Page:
5. Coat your hotplates in oil

Now that your hotplates are clean, let them dry or dry them with some paper towels and spray a light coating of cooking oil on them - this will help prevent them from rusting. Then you can pop them back onto the barbecue, ready for the next grill.

Make sure you dispose of fat and oil the right way

Don’t run the risk of a clogged drain by pouring grease straight in the sink. Scrape any fats and oils into a container or newspaper after they’ve cooled down and then bin them.

To dispose of cooking oil, mix it with something absorbent, such as coffee grounds or cat litter, and then bin it.

Tips on cleaning the exterior of your BBQ

The outside of your barbecue deserves as much love as what’s inside - and cleaning it is just as important. Here are some tips on how to keep it clean.

  • Keep your barbecue protected from the elements, both under a barbecue cover and under some kind of shade.
  • If you have a stainless steel BBQ, clean the exterior with warm soapy water or a stainless steel cleaner to reduce tea staining (the brown discolouration of stainless steel).
  • Use warm soapy water or an all-purpose cleaner to get rid of fingerprints and fat from the hood, side tables, and warming rack.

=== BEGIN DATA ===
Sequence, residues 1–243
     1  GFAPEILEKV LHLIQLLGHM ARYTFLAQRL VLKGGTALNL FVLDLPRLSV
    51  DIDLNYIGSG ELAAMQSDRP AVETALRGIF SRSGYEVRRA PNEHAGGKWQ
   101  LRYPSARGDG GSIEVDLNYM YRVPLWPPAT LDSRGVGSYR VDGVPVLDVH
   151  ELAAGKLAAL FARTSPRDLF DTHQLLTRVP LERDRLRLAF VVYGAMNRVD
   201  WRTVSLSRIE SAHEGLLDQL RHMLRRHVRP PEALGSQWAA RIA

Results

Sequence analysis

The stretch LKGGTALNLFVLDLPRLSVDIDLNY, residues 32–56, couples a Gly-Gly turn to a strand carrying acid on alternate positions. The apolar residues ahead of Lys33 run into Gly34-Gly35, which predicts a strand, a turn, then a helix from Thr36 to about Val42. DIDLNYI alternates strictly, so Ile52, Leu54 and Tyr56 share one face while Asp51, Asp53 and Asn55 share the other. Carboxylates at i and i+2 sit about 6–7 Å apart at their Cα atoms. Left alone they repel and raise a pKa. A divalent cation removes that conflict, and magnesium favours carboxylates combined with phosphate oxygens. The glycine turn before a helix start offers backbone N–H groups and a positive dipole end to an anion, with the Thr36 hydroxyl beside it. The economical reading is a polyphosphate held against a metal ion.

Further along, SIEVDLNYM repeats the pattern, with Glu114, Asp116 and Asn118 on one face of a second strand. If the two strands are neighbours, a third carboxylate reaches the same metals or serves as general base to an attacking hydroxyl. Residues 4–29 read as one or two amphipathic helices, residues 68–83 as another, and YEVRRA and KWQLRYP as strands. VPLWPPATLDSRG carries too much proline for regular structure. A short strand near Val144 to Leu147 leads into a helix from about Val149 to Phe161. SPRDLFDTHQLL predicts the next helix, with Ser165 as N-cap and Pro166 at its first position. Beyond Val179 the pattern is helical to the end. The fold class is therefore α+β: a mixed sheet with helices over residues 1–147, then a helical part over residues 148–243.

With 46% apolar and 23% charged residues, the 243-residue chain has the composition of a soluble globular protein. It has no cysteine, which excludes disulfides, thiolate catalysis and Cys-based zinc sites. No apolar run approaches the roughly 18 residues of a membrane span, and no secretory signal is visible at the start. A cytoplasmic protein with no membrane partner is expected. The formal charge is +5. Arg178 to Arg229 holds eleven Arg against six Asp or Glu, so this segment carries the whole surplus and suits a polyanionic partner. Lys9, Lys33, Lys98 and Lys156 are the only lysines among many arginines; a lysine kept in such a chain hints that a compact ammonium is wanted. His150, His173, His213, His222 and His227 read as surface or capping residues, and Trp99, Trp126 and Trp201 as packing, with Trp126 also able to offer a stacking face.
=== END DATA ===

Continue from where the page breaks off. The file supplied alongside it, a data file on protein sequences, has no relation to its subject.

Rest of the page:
Cleaning your barbecue yearly

Some barbecues need a deep clean once a year either before or after the grilling season, particularly if you use them frequently.

To do this, first remove all the interior parts of the BBQ, ensuring that the gas and any electrical connections have been disconnected.

Warm soapy water comes to the rescue again: here, you can use it to clean the hotplates, grill plates, roasting racks, and flame diffusers. You can then dry these and coat them with cooking oil.

Soak any stainless steel components of the BBQ in warm water with some laundry powder for an hour or two before going over them with a scourer. You can then rinse and dry them.

Let all the parts of the BBQ dry in the sun before you put it back together again.

Barbecuing tips to help you minimise your mess

Cleaning is important regardless of how you use your BBQ, but there are a few tips to keep in mind so that you can prevent a big mess in the first place.

  • Apply cooking oil on the grill before you start cooking to prevent the build-up of dirt and grease.
  • Cook fish and seafood in foil packets that contain the mess.
  • Cover your hotplates in Teflon sheets - these are non-stick BBQ grill mats that can be used with gas, charcoal, or electric BBQs and can be cleaned in the sink (or for certain types, in the dishwasher) after you’ve used them.
  • Line your drip tray with aluminium foil to collect fat and grease without dirtying your tray (too much). Sprinkle a fat-absorbent material like kitty litter on top; this makes it easier to clean the next time and also helps eliminate odours. You also only need to change the foil around every 10 barbecuing sessions.

If you're considering buying a BBQ for the warmer weather, you can read reviews for all BBQs here.